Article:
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“As you’ve probably heard, UN scientists recently warned that we have eleven years to avert climate disaster. We face a civilizational crisis that can only be solved by unprecedented action on an unprecedented scale. To avert this crisis, we must begin to see our fates as linked and make good on that insight. The culture of the atomized individual has brought us to the brink. Our obsession with wealth and power has turned out to be the path to destruction, of our habitat and ourselves. If we want to find a way forward, we must adopt a fundamentally different vision of human enterprise and shared endeavor.
Fortunately, one such model is hiding in plain sight, a framework that must play a central role if we are going to equitably address the biggest existential threat we have ever faced. It dates all the way back to ancient Rome, but in contemporary political discourse, it doesn’t surface all that much beyond certain left-leaning activist circles where people often end their emails with the sign off “in solidarity.” The idea of solidarity describes the ways in which we are bound together and how we can act, in concert, to change our circumstances.
Not that it’s all that easy to spot and harness the idea of solidarity in the wild. Indeed, our culture is currently awash in semblances of solidarity that, even when well-intentioned or laudable, fall short of the real thing. Consider common appeals to allyship and altruism; such locutions convey a sort of optional quality, a moralistic tone, and unreliable trendiness. They are invitations to be a good and generous person, rather than the necessary expressions of our interdependence. They’re thus woefully unequal to the task of sparking concerted mass action on the scale we now urgently need.”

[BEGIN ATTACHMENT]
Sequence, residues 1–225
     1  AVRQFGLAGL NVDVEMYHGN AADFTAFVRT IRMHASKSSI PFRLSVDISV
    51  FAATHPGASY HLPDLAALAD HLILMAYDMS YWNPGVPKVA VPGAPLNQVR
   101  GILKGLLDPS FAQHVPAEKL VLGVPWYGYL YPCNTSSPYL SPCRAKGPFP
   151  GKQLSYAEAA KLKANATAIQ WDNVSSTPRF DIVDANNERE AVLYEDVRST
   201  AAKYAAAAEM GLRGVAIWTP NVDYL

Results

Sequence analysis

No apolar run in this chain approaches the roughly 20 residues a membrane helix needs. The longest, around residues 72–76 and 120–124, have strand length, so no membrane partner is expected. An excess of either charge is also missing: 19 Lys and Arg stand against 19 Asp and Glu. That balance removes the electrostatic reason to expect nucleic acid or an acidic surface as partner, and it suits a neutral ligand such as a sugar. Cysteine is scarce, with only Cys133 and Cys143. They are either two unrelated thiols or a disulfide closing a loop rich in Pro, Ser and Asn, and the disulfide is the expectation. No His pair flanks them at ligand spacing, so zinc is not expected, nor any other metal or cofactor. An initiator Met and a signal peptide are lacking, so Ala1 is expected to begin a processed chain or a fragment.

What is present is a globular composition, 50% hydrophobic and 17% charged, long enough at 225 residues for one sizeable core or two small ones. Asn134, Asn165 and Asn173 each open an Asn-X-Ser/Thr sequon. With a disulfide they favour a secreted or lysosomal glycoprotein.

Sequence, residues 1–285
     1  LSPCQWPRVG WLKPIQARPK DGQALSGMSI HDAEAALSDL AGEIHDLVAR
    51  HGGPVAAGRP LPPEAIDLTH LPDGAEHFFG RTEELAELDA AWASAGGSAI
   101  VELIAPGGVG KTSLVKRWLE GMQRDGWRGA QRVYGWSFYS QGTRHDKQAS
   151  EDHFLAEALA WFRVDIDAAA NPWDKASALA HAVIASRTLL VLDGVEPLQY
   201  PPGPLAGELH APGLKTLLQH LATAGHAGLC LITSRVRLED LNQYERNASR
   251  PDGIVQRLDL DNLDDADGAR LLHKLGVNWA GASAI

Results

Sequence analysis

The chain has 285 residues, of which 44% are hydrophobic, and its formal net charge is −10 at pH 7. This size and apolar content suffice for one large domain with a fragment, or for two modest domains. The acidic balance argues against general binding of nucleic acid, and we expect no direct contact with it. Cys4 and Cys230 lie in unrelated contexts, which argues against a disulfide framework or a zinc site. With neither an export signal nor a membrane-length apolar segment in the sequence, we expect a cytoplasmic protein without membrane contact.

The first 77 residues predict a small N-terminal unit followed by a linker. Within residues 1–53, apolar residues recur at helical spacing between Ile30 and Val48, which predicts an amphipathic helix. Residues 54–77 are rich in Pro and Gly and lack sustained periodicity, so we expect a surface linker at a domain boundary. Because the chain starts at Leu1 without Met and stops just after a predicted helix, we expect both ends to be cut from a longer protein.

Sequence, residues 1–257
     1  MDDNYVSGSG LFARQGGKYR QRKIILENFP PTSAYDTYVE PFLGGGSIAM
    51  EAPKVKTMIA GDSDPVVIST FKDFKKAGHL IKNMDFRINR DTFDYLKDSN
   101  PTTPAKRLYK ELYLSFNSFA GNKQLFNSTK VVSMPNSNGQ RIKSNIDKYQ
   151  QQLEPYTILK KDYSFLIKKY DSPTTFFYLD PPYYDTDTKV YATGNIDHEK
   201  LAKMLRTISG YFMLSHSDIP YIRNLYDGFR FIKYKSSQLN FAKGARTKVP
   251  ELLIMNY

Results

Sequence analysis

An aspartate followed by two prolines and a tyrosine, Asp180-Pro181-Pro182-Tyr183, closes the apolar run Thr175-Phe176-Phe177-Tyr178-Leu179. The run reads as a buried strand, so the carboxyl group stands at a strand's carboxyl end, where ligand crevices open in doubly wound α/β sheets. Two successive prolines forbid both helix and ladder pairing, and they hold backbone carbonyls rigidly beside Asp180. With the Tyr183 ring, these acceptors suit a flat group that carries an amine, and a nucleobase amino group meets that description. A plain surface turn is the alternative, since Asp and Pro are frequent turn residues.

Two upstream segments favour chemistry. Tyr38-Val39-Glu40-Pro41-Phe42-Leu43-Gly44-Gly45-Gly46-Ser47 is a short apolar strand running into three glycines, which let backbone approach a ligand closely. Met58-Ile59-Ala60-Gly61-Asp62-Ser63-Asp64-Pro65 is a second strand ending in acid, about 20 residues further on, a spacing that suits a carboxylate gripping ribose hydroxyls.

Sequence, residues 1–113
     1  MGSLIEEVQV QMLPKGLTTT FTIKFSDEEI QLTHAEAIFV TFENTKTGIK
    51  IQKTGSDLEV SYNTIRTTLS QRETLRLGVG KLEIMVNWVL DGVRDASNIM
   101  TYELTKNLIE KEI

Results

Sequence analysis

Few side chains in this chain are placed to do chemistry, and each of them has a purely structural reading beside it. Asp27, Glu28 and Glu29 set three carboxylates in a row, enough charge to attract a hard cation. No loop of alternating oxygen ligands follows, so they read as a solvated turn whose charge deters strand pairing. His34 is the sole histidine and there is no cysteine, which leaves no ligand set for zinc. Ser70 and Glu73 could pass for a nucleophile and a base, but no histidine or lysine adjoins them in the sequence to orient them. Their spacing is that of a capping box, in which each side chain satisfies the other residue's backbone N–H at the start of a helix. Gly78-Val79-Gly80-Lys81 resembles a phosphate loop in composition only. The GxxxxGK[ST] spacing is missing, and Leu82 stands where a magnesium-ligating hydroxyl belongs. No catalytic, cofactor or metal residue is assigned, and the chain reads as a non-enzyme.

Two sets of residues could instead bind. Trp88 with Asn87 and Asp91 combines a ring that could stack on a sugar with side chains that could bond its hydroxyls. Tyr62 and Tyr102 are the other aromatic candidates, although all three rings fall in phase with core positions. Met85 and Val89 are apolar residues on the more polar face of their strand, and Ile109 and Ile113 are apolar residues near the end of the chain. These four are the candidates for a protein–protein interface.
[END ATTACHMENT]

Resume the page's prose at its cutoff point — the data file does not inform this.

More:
JJ Editor's Picks
"Blackface. I’ve been writing about, and researching – and opposing – racism for more than thirty years. And make no mistake: blackface isn’t funny. It’s racist. Ask Megyn Kelly. A year ago, the former Fox News star was filming a segment about..."
"Sen. Elizabeth Warren’s “selfie line” may be a “political phenomenon,” according to CNN, but it’s also a misnomer, twice over: The photos that supporters end up with aren’t technically selfies—campaign aides snap them—and no one waits in a line..."
"In the archives of the Wildlife Conservation Society in New York, there is an old postcard from the city aquarium of a large sea turtle with four boys straddling its back. The turtle lies flattened upon a pathway in front of a fence. At the feet..."
"As we celebrated my granddaughter’s third birthday this summer, I made the following rough calculation: I’d trekked from my home in New Jersey to her Brooklyn apartment roughly 150 times to provide once-a-week day care, plus other times as needed."
"That seems to be the emerging bipartisan consensus. “On the evidence we have, the meritocratic ideal ends up being just as undemocratic as the old emphasis on inheritance and tradition,” writes New York Times columnist Ross Douthat. “Our..."
"It was the 2019 Pet Sematary that finally broke me. Was this really necessary? I seethed in a theater earlier this year, at a loss for why anyone would green light a self-serious update to a 30-year-old so-bad-it's-good movie. "Update," even, was.."
"Tuesday was election day in Israel. But no winner has yet been declared. As of this writing, it appears that the parties committed to supporting Benjamin Netanyahu for prime minister will not win a majority in Knesset. At the same time, the..."
"The last time Netflix asked me “Are you still watching?” I had to think really hard about it. Was I still watching? Or at least enough to make my $16-a-month payment worth it? The subscription economy can be a wonderful thing. We don’t have to..."